Cats. It seems that you either are a cat person or you aren’t. The more you don’t enjoy their company the more they enjoy being next to you. That is what I personally think is great about them. They get what they want one way or another.
Cain is a 12 ½ year old Domestic Short Hair cat that I adopted from a rescue in Fargo as a 5 month old kitten. It was love at first meeting. He was chill, friendly and arrogant – just the way I like my cats. He has always been independent with a sprinkling of needy. Through our life together there have been moves, other pets (dogs, cats, and rats) added to the family, pets that have passed away, foster dogs and cats, pet sitting and a child added to his life. He has taken everything in stride. The last one he still does not particularly care for a whole lot.
Signs & Symptoms
Due to some changes in routine with our child recently, I attributed that to Cain acting differently. He wasn’t pestering me in the middle of the night (he certainly wouldn’t want any of the other humans in the house see him seek affection too frequently) and it’s not that I minded the extra sleep. I am a mom after all.
He was keeping to himself more (he doesn’t like the littlest human in the house). He also seemed thinner and hungry more often (if we don’t shut his room door when he eats the other cat pushes him out. Also, he’s old). My husband does the a.m. feeding and doesn’t, AHEM, listen to me to close the pet doors all the time so I thought it was no big deal. He also was vomiting hairballs more frequently. I don’t brush him much because I am not going to follow him all around the house with the brush – a requirement of his.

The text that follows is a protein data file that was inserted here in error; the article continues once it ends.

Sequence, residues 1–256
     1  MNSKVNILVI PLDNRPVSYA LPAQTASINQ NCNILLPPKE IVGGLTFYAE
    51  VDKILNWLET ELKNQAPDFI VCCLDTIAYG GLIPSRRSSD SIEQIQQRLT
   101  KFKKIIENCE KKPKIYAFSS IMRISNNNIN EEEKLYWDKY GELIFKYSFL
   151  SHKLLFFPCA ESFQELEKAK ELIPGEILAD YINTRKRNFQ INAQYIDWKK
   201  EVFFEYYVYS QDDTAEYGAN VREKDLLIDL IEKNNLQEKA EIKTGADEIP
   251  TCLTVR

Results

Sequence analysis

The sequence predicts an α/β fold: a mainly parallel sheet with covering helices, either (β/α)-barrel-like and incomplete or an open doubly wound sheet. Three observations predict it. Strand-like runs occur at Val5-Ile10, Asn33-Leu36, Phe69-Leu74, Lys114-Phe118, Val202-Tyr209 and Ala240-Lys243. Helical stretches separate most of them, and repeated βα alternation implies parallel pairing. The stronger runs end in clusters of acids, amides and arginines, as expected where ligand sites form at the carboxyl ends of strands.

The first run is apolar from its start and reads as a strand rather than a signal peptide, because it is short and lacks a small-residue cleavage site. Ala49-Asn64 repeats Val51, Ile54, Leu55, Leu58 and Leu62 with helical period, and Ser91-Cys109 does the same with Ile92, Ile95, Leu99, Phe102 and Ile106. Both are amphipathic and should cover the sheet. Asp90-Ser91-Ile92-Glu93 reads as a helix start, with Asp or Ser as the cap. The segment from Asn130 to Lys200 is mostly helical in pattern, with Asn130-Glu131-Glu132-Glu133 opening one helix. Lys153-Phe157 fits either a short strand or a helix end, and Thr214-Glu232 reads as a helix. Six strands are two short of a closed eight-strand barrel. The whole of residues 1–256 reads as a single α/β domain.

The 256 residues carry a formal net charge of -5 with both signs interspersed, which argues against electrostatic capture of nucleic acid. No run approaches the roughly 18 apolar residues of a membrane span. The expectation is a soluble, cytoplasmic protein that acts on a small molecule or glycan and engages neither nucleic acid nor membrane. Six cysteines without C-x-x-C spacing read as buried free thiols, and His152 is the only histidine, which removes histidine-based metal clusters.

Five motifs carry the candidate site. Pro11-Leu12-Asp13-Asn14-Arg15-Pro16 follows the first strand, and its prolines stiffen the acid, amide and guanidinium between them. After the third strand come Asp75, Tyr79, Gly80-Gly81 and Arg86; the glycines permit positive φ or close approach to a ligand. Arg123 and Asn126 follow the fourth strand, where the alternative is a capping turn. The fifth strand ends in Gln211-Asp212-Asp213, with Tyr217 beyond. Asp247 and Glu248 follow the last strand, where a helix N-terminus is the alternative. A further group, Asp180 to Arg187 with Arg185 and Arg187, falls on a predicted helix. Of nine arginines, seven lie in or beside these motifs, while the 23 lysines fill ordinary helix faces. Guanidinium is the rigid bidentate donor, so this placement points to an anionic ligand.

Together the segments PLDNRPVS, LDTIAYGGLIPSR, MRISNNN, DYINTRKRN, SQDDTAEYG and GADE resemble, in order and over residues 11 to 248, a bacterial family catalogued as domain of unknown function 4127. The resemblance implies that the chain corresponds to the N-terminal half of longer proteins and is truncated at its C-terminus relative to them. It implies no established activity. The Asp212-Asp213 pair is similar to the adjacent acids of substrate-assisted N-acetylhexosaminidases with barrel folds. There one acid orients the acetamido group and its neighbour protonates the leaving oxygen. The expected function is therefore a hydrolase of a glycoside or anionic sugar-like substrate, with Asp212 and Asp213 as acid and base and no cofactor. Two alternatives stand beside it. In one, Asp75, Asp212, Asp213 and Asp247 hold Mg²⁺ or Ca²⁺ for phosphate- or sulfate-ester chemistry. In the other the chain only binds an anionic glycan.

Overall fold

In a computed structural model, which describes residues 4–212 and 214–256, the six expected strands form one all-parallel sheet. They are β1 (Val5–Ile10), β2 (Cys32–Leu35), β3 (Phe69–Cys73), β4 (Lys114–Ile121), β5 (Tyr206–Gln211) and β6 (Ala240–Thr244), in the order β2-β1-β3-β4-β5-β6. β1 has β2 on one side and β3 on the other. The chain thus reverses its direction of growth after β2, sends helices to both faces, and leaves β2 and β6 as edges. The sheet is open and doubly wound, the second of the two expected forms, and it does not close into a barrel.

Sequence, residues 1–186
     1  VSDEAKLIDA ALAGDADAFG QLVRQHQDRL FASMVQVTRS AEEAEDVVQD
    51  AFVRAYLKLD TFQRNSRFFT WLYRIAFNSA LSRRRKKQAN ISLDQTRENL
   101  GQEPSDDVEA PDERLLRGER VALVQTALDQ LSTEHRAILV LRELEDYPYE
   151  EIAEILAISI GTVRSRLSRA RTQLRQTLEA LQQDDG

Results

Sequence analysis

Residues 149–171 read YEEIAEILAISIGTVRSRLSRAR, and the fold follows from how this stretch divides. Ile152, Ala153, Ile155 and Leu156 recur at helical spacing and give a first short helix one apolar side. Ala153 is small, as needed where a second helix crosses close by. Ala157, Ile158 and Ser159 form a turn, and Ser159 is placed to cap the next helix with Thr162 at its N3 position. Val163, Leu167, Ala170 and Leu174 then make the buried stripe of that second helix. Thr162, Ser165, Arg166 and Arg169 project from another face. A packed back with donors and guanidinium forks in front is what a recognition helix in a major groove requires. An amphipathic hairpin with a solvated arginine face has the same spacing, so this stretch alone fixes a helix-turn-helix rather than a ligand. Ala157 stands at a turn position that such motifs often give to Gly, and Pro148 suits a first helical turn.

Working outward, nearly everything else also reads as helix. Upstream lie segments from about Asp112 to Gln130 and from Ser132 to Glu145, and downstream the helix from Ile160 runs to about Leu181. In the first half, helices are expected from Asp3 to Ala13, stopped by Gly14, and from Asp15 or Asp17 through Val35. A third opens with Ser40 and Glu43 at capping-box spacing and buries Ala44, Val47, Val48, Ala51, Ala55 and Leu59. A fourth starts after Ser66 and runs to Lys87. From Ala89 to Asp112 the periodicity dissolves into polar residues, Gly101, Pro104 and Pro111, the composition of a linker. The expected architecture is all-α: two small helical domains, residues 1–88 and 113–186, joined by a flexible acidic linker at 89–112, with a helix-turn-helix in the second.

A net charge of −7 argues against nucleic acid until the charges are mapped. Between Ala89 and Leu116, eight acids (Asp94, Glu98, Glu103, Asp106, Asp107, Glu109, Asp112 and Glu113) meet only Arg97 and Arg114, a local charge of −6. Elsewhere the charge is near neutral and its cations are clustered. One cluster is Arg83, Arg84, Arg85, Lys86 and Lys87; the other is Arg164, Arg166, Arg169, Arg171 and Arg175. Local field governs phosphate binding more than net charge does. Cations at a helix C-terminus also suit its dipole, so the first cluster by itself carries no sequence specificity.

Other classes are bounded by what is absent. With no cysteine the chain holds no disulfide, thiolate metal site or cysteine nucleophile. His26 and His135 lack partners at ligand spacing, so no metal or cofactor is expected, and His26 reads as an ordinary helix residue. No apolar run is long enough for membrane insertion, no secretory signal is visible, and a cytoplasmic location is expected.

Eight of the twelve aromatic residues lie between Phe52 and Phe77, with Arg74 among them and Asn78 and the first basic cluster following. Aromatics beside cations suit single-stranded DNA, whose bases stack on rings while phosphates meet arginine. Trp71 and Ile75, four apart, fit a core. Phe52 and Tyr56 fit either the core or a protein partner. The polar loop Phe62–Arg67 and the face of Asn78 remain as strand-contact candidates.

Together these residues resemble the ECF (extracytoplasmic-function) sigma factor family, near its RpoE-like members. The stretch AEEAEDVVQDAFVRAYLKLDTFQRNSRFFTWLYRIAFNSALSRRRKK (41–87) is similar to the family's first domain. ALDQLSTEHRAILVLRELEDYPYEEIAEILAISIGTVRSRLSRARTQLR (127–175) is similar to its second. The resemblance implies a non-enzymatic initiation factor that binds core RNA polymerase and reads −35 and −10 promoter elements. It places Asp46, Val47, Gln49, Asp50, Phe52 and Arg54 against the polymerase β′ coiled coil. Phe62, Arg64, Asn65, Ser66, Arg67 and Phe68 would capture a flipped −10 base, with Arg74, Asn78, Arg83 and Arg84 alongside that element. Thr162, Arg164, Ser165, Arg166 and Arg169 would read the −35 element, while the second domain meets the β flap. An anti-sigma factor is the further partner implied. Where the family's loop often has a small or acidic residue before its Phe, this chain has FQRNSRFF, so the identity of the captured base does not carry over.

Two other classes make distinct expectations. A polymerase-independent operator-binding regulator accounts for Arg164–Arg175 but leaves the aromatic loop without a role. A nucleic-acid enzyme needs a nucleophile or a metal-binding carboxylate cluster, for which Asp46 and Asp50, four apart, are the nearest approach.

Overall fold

I had been keeping an eye on him, but all of the changes certainly seemed to have reasons that made sense to me as both a pet owner and a technician. He has had bloodwork periodically throughout his life and it’s always been normal – Yeah! When petting him I had noticed there was less to him (muscle atrophy? It happens to every creature as they age).
Light Bulb Moment – It’s a medical problem!
Finally all of the signs aligned. He was too thin to attribute to anything other than a medical problem. I brought him in and the cat that had always been a consistent 14.7 lbs. his whole life was down to 11.3lbs! Completely unacceptable in my mind that my own cat had lost that much weight and I didn’t realize it. That amount of weight loss without me noticing made me so mad at myself! Clearly all of these signs meant something more than what I had attributed them to.
What kind of bloodwork should I run for my aging cat?
We performed an exam and then were able to run his bloodwork. We covered what is recommended for Sr. Pets: Chemistry Panel, Thyroid and SDMA. All of his organ function was fine. It indeed was Hyperthyroidism.
There is medication available to cats to manage this condition. We tried it and the weight loss stopped, he was acting more like himself. Pestering me again in the middle of the night, cuddling a little more – not too much, he has a reputation to uphold after all.
So if you have any concerns it is always best to contact your Veterinarian to discuss your pet’s well-being. They may want to perform an exam at the very least. Also I urge you to have their annual exams done even when they are healthy. It’s always best to catch something before it becomes a major problem. We can’t have the partnership to keep your pet healthy without you.